Safety oversight: Is anybody out there?

What happens when you combine:


+ A small/mid-size European airline operating in one country while having an Air Operations Certificate (AOC) in a different country
+ Track record of serious safety incidents and aircraft in poor technical conditions
+ Chronic lack of adequate safety management within this company
+ A civil aviation authority which lacks resources, know-how and experience
+ A second civil aviation authority which acts, but declines to take over the oversight

The short answer is: nothing good !

Today, ECA alerted the European Aviation Safety Agency (EASA) about the blatant safety deficiencies of AVIES AS – an Estonian company – and the inability of aviation authorities to perform safety oversight of its remote operations in neighbouring Sweden. 

Safety OversightThe facts: AVIES AS has a peculiar company set-up. It has most of its operations in Sweden while having an Estonian AOC. The flying it carries out in Sweden is done as sub-leasing for ‘Avies i Sverige AB’ – a small company registered in Sweden (2 employees), having no operating license but having been awarded a Swedish ‘Public Service Obligation’ contract, and being actually owned by the Accountable Manager of AVIES AS in Estonia. According to information available to ECA, the flight crews seem to be hired on temporary contracts and have a multitude of different national backgrounds.

AVIES AS is also a company known to have continuous and repeated serious safety problems. After several occurrences in 2012, the company had a runway excursion in Feb. 2013 (which had not been reported and only became known 50 days later) and a temporary loss of power on both engines during climb, in May 2013. In January 2014, another runway overrun occurred in Sweden, with the investigation still ongoing. In October, the Swedish Transport Agency (STA) revoked the Airworthiness Review Certificate of a Swedish registered aircraft operated by AVIES AS, after an inspection revealed that the aircraft was in such poor technical condition  that safe operations could not be guaranteed.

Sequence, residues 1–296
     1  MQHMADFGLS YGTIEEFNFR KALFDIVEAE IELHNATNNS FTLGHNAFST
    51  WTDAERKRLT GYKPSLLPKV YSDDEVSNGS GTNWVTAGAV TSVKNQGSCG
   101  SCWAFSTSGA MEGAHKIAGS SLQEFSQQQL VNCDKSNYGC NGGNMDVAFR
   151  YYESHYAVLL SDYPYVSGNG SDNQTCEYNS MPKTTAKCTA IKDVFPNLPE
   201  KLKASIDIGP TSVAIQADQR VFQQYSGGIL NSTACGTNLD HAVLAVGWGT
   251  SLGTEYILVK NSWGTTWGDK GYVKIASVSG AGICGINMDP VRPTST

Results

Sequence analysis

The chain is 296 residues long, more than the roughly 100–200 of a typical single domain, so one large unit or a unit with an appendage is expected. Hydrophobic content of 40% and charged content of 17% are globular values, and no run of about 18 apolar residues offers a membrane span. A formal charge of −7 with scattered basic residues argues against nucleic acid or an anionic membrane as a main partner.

The fact that for several years AVIES AS has been allowed to operate in such a manner demonstrates a manifest lack of effective safety oversight by the Estonian Civil Aviation Authority (ECAA). It is only after mounting concerns voiced by the Swedish authorities that the ECAA finally recognized their inability of overseeing AVIES AS operations and suggested to the STA a transfer of oversight responsibility. STA declined to accept such a transfer, but offered e.g. assistance with personnel to help Estonia to inspect/oversee the operations in Sweden.

This case is a telling example of how safety oversight in Europe can fail – and does already fail today. With more and more airlines gravitating towards such business models, involving remote operations, complex, transnational set-ups and “atypical” forms of flight crew employment, safety oversight becomes even more complicated. The safety implications are already tangible. The ball is now in the hand of Europe’s authorities to plug the safety loopholes that are starting to open in different  parts of Europe.  

Read more about safety legislation & oversight: Civil Aviation Legislation & Oversight: Can it guarantee safety?